A plethora of research and a dollop of common sense tell us that the viability of school choice depends on families being able to access the choices available to them. One key to access is transportation. Yellow buses are so ubiquitous as to border on symbolic representation of education itself. But families opting out of their resident districts—for charter schools, private schools, or interdistrict choice—are often forced to forgo reliable yellow bus transportation. But not always. And it is this variability that a new report from EdChoice seeks to illuminate.
Authors Michael Q. McShane and Michael Shaw utilized a legal research platform and a detailed language search of the legal codes of all fifty states to discern how each one identifies, funds, and delineates responsibility for transporting charter, private, and open enrollment students. While they summarize the results as “tangled,” some commonalities and patterns emerged.
In general, transportation funding primarily comes from states as a per-pupil amount designated specifically for transportation, although many states allow districts to supplement those with local dollars if desired. All states impose regulations on districts pertaining to things like school bus safety, background checks of drivers, and emissions standards—although the level of detail varies greatly state to state. Some state departments of education offer route-planning resources to their districts, but most are just looking for data from their districts, up to and including maintenance and daily route mileage. In some urban and suburban areas, districts may also utilize existing public transportation options by either reimbursing families for fares or partnering with regional transportation agencies to provide eligible students with passes. What is most in evidence at the macro scale is that states provide the lion’s share of the funding while districts do the lion’s share of the work. The inevitable push and pull of this dynamic comes most strongly to the fore when considering those students who opt out of their resident district’s schools.
The research design used in-district transportation mandates as the baseline. This includes situations such as districts being allowed to deny transportation to resident students living within a small radius of their assigned buildings or to resident students at higher grade levels. The authors then looked to see whether students utilizing various forms of choice were given equal, close-to-equal, or unequal transportation access.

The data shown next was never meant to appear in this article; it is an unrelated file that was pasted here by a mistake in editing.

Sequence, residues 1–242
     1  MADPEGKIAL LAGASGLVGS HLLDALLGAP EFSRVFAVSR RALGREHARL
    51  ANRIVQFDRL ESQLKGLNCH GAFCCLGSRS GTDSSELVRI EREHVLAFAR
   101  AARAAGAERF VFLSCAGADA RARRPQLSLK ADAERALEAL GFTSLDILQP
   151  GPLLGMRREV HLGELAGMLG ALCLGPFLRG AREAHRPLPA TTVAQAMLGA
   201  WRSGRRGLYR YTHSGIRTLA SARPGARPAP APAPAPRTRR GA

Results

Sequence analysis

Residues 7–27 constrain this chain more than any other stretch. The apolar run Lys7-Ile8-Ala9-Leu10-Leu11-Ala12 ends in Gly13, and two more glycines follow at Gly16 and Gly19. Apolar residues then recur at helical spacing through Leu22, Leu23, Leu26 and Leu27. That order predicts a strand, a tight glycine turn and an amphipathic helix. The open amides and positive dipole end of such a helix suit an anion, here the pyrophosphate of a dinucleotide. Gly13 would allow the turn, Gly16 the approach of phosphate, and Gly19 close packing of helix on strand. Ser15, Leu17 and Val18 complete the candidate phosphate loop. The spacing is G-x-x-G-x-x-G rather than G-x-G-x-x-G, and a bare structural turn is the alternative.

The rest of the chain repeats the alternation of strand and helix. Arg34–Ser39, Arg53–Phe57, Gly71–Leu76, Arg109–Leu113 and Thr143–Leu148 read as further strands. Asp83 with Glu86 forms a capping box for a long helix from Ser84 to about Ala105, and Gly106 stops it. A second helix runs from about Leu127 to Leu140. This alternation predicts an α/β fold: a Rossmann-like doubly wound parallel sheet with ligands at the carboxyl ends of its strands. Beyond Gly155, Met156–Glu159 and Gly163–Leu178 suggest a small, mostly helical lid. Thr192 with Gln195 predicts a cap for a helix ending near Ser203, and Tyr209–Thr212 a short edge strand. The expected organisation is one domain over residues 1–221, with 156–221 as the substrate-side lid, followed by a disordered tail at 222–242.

For those exercising interdistrict choice, or attending school outside of their geographically assigned school district, thirty states have an explicit provision for transportation. Six of these states mandate equal or close-to-equal transportation access compared to what is offered to students attending the district.
Although language against “compelled support” of religion and/or Blaine amendments appears in most state constitutions, twenty-nine states currently have provisions to supply transportation for private school students. There are caveats aplenty—such as transportation being available only for students with disabilities or students transferring out of low-performing schools—but seven states mandate transportation services and funding at equal or close-to-equal levels as those for resident students.
Charter schools, often the most contentious of school choice options, have transportation funding or services available in thirty-one states. Of those, seventeen mandate support for charter school student transportation at equal to or close-to-equal levels as those of resident district students.
Despite the majority of states offering transportation of some sort to school choice students, state level mandates can run up against the reality of funding, geography, and district whims. What districts determine as a feasible route could mean multiple buses, early starts, and long commutes for young students. No matter how much transportation equality states spell out, sometimes parents utilizing choice win; sometimes they lose.
McShane and Shaw provide four recommendations for improvements at the state level. First, states should appropriate funding for charter schools to transport their students to their schools, bypassing districts. Second, private school choice programs should allow pupil transportation as an allowable use of education savings account, tax-credit scholarship, or voucher dollars. Third, states should not artificially restrict pupil transportation methods such as public transit. And fourth, state policymakers should look to improve the quality of the current pupil transportation system.
The authors also provide one recommendation at the local level: Schools and districts should look to out-of-the-box solutions such as route optimizing software and shared services with other providers to improve their transportation systems and drive down costs. Perhaps if transportation were cheaper and more efficient, more students could more easily access it no matter where their destination.
SOURCE: Michael Q. McShane and Michael Shaw, “Transporting School Choice Students,” EdChoice (March 2020).